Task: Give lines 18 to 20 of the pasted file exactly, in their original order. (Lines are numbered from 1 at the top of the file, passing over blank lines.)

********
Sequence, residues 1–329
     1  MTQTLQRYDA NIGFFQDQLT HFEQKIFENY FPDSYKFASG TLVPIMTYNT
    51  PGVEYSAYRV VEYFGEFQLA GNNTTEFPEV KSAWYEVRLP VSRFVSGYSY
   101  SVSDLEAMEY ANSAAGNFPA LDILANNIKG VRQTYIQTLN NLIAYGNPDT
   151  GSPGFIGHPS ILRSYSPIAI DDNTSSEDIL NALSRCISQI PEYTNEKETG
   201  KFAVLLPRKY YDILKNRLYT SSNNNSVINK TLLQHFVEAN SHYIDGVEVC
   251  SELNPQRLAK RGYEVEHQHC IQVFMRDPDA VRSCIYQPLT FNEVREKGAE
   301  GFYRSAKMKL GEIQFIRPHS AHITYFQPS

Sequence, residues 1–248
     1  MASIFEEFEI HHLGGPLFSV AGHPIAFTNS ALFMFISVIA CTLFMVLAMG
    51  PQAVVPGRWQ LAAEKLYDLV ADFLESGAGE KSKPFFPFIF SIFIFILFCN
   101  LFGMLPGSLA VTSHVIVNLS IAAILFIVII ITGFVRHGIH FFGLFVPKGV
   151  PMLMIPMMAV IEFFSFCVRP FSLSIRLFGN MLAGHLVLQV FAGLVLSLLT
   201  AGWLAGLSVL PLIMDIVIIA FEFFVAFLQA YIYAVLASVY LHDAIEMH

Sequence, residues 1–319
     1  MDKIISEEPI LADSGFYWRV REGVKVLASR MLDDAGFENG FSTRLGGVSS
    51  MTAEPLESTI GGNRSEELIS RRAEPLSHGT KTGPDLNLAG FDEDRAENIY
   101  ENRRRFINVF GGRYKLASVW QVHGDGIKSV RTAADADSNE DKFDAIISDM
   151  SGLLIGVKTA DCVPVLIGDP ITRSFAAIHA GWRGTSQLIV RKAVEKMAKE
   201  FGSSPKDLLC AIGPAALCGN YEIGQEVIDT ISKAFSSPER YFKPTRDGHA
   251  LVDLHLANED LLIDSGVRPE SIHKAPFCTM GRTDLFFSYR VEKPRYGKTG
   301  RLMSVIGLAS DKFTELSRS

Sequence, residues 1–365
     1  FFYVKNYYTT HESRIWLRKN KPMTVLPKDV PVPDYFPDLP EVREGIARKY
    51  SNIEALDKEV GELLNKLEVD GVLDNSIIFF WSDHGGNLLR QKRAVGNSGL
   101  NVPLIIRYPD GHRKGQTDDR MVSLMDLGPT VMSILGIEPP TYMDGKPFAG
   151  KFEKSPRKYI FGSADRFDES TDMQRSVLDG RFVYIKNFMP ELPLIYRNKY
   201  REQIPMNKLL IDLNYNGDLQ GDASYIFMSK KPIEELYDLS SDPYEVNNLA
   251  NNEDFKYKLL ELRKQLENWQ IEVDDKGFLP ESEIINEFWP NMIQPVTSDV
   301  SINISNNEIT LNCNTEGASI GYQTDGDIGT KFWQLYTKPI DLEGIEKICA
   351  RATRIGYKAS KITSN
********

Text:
   101  ENRRRFINVF GGRYKLASVW QVHGDGIKSV RTAADADSNE DKFDAIISDM
   151  SGLLIGVKTA DCVPVLIGDP ITRSFAAIHA GWRGTSQLIV RKAVEKMAKE
   201  FGSSPKDLLC AIGPAALCGN YEIGQEVIDT ISKAFSSPER YFKPTRDGHA